The American Victory at Saratoga

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• Part 2: Changing the World Order

Saratoga battle map
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Part 1: Setting the Scene

The Battle of Saratoga is often called the "turning point" of the American Revolutionary War. It certainly wasn't the first American victory of the war, and it wasn't the last British defeat or the end of the war by any means. But it was a smashing military victory and an important strategic and symbolic victory all the same.

It was the summer of 1777. General George Washington, despite his daring crossing of the Delaware River and stunning victories at Trenton and Princeton, was still fighting a desperate war, against a far superior fighting force, both in numbers and in weaponry. It seemed only a matter of time until the "Redcoats," as the British soldiers were called by their enemies, had restored order and put down the Colonial rebellion.

But the American colonies covered a vast expanse of territory, running all along the Atlantic Coast. Even the massive British Army couldn't be everywhere at once. At times, the various generals and commanders found it difficult to communicate with one another and to coordinate actions. Such was the case with the Battle of Saratoga.

Great Britain controlled all of Canada, a prize from the French and Indian War. It was from beyond Canadian borders that the first phase of the Battle of Saratoga began. General John Burgoyne came up with a brilliant plan to cut the rebellious colonies in two, north and south. The idea was to make it so that New England would be cut off from the rest of the colonies. The way to do this, Burgoyne reasoned, was to capture New York once and for all, in hopes that seeing such a devastating blow, the Americans would surrender. At the very least, Burgoyne counted on resistance being very much lessened.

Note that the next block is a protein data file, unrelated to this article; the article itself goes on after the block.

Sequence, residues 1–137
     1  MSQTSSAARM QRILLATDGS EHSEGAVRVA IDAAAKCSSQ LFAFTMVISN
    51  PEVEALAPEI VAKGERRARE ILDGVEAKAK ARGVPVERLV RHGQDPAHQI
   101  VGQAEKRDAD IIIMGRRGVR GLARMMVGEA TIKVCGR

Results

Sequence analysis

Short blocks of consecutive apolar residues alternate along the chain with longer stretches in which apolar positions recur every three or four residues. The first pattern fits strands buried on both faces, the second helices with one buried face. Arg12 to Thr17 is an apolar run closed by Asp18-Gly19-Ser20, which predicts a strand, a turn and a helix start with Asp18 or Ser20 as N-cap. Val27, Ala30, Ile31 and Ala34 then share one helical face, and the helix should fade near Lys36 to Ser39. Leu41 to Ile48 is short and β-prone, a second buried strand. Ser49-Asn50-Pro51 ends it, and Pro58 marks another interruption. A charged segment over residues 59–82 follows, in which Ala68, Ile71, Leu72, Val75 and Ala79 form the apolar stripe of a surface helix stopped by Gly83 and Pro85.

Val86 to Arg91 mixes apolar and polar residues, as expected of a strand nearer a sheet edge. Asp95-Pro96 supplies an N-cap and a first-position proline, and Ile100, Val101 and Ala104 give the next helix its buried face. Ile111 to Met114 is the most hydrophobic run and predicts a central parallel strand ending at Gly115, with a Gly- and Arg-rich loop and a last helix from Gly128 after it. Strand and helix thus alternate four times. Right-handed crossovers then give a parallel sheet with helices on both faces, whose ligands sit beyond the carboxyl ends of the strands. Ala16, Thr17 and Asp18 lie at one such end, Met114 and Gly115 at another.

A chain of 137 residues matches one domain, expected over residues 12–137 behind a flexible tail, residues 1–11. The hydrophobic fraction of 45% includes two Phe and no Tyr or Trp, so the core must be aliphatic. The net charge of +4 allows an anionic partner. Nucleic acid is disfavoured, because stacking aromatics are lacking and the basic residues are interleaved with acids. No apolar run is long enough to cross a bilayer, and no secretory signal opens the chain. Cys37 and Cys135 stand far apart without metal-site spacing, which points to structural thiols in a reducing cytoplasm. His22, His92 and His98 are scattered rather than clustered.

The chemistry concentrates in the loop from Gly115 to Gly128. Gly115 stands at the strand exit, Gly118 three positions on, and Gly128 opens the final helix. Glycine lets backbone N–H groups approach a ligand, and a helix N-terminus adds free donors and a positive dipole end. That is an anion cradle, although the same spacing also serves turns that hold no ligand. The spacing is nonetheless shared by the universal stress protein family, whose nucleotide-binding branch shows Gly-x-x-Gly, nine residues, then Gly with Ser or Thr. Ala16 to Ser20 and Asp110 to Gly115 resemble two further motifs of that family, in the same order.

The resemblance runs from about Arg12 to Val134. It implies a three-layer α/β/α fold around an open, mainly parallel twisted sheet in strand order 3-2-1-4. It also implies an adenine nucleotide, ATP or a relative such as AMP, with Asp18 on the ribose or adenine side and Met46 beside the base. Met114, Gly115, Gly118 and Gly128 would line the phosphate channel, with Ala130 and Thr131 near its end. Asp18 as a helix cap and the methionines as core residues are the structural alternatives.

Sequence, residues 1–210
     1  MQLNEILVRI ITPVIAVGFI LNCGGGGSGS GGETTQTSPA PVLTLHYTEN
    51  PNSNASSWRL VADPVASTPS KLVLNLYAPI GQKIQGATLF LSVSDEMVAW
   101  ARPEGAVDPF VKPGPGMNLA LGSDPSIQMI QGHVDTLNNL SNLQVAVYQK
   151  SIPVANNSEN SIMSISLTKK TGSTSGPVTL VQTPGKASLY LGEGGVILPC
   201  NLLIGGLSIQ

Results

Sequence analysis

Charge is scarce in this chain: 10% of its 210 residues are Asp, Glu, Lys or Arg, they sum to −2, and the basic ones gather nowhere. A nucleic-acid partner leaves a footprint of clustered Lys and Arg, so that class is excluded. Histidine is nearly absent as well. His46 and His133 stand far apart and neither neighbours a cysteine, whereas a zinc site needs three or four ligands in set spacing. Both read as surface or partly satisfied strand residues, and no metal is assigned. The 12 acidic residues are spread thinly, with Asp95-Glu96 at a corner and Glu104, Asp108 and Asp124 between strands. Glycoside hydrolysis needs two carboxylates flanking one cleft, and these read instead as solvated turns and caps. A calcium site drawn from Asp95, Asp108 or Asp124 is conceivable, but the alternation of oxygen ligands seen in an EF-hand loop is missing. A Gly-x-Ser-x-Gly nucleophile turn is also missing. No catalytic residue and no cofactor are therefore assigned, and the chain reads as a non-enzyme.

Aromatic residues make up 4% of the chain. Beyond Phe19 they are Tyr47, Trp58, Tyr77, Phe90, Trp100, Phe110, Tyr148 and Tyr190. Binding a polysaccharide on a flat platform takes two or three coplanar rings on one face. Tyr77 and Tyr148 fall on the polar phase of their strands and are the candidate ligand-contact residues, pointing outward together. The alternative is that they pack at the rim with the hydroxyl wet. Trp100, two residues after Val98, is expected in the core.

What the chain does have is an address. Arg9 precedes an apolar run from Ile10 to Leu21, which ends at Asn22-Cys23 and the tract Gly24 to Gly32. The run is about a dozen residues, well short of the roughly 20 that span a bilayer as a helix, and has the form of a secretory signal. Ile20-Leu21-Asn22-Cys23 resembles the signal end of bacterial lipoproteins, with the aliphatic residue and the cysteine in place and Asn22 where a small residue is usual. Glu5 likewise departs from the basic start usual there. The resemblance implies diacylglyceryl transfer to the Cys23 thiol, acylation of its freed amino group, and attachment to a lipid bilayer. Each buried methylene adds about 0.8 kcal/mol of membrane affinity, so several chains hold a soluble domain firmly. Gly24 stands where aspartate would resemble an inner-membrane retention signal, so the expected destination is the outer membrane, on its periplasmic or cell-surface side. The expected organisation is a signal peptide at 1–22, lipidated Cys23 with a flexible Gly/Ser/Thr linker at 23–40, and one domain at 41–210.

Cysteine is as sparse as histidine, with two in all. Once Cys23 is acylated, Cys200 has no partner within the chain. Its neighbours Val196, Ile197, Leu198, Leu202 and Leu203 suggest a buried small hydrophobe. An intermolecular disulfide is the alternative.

So Burgoyne led a force of 10,000 men south along Lake Champlain toward Albany, where they would meet with up another force, this one having 2,000 men commanded by General Barry St. Leger, who would move down the Mohawk river valley. Lastly, Burgoyne wanted support from New York City itself, where General William Howe was encamped.

In early July, Burgoyne and his men set out on their journey. Along the way, they recaptured Fort Ticonderoga (without firing a shot, since it was mostly abandoned). Burgoyne's hopes of a quick rendezvous with St. Leger were dashed almost from the start, as Colonial militiamen and small bands of fighters slowed down the British Army by ripping apart bridges and chopping down trees and laying them in the roads that the Redcoats would travel. A few skirmishes took place, but the Colonials knew that they were outnumbered and so stayed out of a major engagement. Seeing these developments, Burgoyne sent 1,000 of his men to nearby Bennington, Vermont, to get much-needed supplies. The Colonial Army was up to the task again, however, and through a combination of cunning and firepower kept Burgoyne from gaining his supply reinforcement. Frustrated but not defeated by any means, Burgoyne kept heading toward the goal—Albany.

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